The Evolution Of Personal Portfolio Management

Portfolio management is one of the most important success factor when it comes to personal finance.
As we move through different stages of life, we tend to do different things, pick up certain knowledge and set various goals. Because of the psychology involved, endless changes and unknown factor of the market dynamics, it becomes a very interesting chapter where there is always something to think about. 
This has become something where everyone has a part to play for throughout their life journey and is something where we are able to control within our grasp if we do it properly. 
Generally speaking, everyone started off from the wealth accumulation stage at first where savings take priority because we assume the majority of folks are starting off from ground zero. 
From the moment we are young when we tend to receive occasional red packets or allowances from our parents, some of us will work towards saving these monies and cultivate a good habit. These will continue for the longer duration of our teenager lives where we polish our skills in only buying things that we really need, source for budget tickets when we travel, find movie tickets during weekdays and spend lesser on fine dining luxuries.
When we grow up and join the workforce, the immediate action is to continue saving even more aggressively because this is now the real deal where we have a higher income combined with a lesser commitment, which makes things more dependent on how we shape things up. 
During this accumulation stage, we are also probably thinking of how to grow our money conservatively by investing in certain asset classes which can bring about positive returns which will compound over many years to come. The idea when doing this is to start slow, small and cautious because we were all once beginners and we tend to get carried away with things that we have not experienced in life. If we can just do this, we will slowly but surely be compounding our returns over time positively instead of the other way round, which can be detrimental to our wealth building. I spoke about this in my last written article here.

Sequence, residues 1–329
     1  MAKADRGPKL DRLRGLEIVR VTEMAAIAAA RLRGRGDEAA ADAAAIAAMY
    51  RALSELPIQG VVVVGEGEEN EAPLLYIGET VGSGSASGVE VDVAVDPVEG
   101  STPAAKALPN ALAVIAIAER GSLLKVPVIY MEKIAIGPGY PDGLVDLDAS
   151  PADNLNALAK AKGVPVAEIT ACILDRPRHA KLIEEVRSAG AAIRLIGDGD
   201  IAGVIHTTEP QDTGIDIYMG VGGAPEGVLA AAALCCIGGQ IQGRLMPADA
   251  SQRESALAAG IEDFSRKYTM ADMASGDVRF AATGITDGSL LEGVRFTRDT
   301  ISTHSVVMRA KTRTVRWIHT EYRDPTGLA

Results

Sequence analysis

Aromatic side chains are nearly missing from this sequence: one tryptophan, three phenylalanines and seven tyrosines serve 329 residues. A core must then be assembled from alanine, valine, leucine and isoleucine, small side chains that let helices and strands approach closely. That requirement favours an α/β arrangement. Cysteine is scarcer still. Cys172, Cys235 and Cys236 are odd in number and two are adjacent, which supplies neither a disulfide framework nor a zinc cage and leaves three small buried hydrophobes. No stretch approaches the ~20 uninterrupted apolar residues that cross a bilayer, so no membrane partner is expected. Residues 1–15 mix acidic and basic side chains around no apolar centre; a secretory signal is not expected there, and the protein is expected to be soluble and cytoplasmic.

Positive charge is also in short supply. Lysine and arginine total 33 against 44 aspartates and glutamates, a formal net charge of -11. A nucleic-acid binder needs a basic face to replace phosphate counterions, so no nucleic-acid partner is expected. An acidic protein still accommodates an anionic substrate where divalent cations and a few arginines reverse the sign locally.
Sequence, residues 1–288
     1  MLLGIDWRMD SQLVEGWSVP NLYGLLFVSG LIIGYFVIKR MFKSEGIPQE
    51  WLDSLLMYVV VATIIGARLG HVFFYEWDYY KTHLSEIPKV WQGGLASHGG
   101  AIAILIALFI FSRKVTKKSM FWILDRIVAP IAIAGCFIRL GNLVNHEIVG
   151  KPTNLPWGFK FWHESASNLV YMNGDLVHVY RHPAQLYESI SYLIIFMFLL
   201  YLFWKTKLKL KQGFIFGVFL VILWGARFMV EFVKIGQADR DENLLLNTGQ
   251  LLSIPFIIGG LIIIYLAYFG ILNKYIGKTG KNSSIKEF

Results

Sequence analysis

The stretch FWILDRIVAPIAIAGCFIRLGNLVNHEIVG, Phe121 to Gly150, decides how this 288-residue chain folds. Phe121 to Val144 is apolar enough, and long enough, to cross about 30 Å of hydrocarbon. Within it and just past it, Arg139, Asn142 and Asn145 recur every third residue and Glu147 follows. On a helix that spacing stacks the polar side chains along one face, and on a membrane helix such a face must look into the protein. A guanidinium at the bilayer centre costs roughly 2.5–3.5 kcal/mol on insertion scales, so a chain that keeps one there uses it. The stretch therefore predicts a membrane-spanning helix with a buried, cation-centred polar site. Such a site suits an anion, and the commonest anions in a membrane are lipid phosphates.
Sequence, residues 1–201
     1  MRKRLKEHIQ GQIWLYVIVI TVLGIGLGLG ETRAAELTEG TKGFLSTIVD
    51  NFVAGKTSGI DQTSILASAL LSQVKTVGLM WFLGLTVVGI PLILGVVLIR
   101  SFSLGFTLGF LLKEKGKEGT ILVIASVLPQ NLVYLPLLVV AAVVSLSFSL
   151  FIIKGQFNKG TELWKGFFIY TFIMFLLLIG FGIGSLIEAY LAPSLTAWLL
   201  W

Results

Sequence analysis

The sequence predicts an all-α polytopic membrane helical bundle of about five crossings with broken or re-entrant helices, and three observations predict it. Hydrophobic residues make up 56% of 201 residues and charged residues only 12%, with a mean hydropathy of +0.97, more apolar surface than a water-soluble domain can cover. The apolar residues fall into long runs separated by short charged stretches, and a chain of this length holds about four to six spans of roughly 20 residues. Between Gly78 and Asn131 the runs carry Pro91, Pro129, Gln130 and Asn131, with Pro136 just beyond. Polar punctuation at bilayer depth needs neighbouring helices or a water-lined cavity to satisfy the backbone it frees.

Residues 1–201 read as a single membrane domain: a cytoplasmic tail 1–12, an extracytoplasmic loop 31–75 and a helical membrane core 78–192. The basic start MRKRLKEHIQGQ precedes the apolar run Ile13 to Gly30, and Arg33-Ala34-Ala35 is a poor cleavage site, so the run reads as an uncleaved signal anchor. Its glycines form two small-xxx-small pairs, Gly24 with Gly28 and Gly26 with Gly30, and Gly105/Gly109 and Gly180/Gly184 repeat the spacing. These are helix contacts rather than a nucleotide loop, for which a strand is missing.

This is probably also a great time to be focusing on our career path as they are the best bet for what is to come in the future. Even if we have set our goal for an early retirement, we still need the best help we can get from climbing up our career ladder as higher income means higher savings (assuming we can control our expenses) which means higher money for investment which we can use to compound even more. Even if things does not work out eventually with our investment, we have a backup to fall for. There are clear tangible benefits by doing well in our career, especially in the early stages – little doubt about that. 
As we grow older, there will be a shift in priority from wealth accumulation towards wealth preservation over time. 
The general idea here is to reduce more volatile asset classes such as equities and increase in more predictable asset classes such as cash and graded bonds. 
The rule of thumbs to use here is holding cash/bonds equivalent to the age we are in that year. So if I am 31 year old for instance, I should ideally be holding a minimum of 31% in cash/bonds in my portfolio, everything else equal. 
The reason for doing this is diversification and as we grow older, we can probably take lesser volatility as age and time is a finite resource. The odds of every asset classes imploding at once is a lot lower than the odds of a single asset class imploding. 
The evolution of the personal portfolio management will continue to change as we become better over time and find one that best suit our profile. The importance of it cannot be under estimated and everyone should take them with a pinch of seriousness if not already by now.

7 thoughts on “The Evolution Of Personal Portfolio Management

  1. Createwealth8888

    Strongly agreed on "Portfolio management is one of the most important success factor when it comes to personal finance". πŸ™‚


Leave a Reply

Your email address will not be published. Required fields are marked *